The 2014 Missouri Exhibit: A Look at Agency Here at Home

The 2014 Missouri Exhibit: A Look at Agency Here at Home is the product of varied talents. The combined effort of many students, the exhibit is a free-standing product of architecture, art, and activism. And just as the exhibit itself is a creation born of many efforts, it both displays and encourages agency here at home. By profiling different Missouri grassroots environmental organizations, we’re showing the possibility of creating change here at home, highlighting resistance on any scale, and encouraging individual agency.

The underlying structure of The 2014 Missouri Exhibit: A Look at Agency Here at Home is comprised of reused and responsibly sourced materials, through our partnership with Saint Louis material re-use organization, ReFab. The walkway is made of trapezoidal modules that fit together to create a flowing, interactive, interactive space. The structure also supports the canvas wrapping that walls the walkway. Printed there are seven different stories, told through art and words, illustrating the valiant efforts of Missourians to combat climate change, end corporate pollution, and improve their community’s life and health.

Our case studies:
Located nearly 1,200 feet from an unprotected radioactive waste site, the Bridgeton Landfill Fire has for nearly three years been smoldering underground in Bridgeton, MO. The high levels of methane, benzene, and hydrogen sulfide create a hazardous living environment for residents.

St. Louis is an EPA non-compliance zone with regards to air quality due to the region’s reliance on coal-fired electricity. Asthma rates in St. Louis children are three times the national average and disproportionately affect low-income communities in North and East St. Louis.

Sister Barbara Jennings, one of the Eco-Nuns, leads the Midwest Coalition for Responsible Investment and works to monitor and influence policies and practices of St. Louis corporations such as Peabody, Arch Coal and Boeing through shareholder activism.

St. Louis city regularly doles out million-dollar tax breaks for large corporations while schools and other public services are critically underfunded. Missourians Organizing for Reform and Empowerment is challenging the way St. Louis does economic development through the Take Back St. Louis Ballot Initiative.

In Labadie, Missouri, residents have organized to block the construction
of a coal ash landfill at the Labadie Power Plant, the fourth dirtiest power plant in the nation. The proposed landfill would be located in the Missouri River floodplain, posing a large risk of groundwater contamination.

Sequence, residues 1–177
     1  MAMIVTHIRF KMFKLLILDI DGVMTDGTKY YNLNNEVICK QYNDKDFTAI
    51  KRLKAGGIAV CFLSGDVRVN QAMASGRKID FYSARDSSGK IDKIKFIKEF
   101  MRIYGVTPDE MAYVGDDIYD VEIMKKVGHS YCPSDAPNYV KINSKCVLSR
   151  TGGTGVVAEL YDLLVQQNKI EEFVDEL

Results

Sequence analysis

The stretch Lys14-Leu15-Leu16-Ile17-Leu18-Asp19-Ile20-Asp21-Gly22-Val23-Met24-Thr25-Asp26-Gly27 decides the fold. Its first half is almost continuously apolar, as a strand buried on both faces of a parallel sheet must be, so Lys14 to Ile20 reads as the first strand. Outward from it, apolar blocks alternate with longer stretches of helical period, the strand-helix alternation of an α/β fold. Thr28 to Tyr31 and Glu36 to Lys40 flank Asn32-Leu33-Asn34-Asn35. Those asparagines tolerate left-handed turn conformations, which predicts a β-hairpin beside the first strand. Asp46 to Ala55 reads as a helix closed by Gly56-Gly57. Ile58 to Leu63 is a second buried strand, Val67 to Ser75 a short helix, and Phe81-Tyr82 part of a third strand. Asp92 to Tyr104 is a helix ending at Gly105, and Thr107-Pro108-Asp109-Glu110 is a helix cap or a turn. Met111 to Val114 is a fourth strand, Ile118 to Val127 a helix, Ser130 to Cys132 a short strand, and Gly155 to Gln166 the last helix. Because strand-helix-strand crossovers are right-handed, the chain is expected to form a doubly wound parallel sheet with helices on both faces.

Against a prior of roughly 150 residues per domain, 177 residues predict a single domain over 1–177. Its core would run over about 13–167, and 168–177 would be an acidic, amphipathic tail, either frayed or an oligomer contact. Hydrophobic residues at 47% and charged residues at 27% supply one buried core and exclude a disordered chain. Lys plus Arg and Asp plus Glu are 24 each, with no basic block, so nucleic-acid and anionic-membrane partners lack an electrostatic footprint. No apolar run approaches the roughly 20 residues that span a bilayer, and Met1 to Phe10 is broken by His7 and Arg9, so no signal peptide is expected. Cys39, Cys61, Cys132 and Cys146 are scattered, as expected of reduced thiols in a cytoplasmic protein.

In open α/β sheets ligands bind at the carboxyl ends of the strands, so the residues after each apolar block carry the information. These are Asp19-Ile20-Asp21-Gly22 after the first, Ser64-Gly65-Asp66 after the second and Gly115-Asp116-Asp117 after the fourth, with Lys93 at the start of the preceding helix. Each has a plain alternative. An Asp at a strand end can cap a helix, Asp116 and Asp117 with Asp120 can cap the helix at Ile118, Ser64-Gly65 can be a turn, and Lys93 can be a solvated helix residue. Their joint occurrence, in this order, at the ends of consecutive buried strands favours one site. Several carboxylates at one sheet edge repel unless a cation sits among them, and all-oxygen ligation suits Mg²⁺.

Building the Flanagan South Pipeline Project increases Missouri’s reliability on nonrenewable energy sources, but it also places surrounding communities at risk for fish and wildlife habitat destruction, oil spills, and water pollution.

There is often a perceived gap between environmental and social issues, when in reality the two are inextricably linked. This gap ends up dividing our efforts as activists, and therefore weakening our ability to affect change. The stories we are telling seek to erase this imaginary distinction, and just as the exhibition itself is an interdisciplinary creation, we hope to produce a more interdisciplinary approach to change. Our message is a universal one, and is meant to inspire a wide audience: the problems in our communities can be solved by the people in our communities. We all have agency, as individuals and as a community of partners. We all might feel small, but we can overthrow established power structures as we strive for change in solidarity with one another.

Material Monster is a material reuse and research initiative investigating the intersections of art, architecture, design and environment. We received the Outstanding New Student Group Program or Event Award | 2013 Excellence in Leadership Awards. We work as a collective, making decisions through discussion and equality of ideas. We have decided that, to create the change in the world that we seek, we must work in unison, supporting the community as a whole through individual talents, research, and work.

With the aim of inspiring local action, the group developed a framework for this investigative art and design project that focused on building relationships and developing tales of resistance with community leaders. By connecting Washington University in St. Louis artists and environmentalists to collaborate, the Material Monster collective utilizes our own skills and abilities to highlight local resistance efforts. Our collective vision is to create a stage for those involved to share their ideas and experiences, amplifying voices of resistance.

Special Thanks

International Center for Advanced Renewable Energy and Sustainability (I-CARES) at Washington University in St. Louis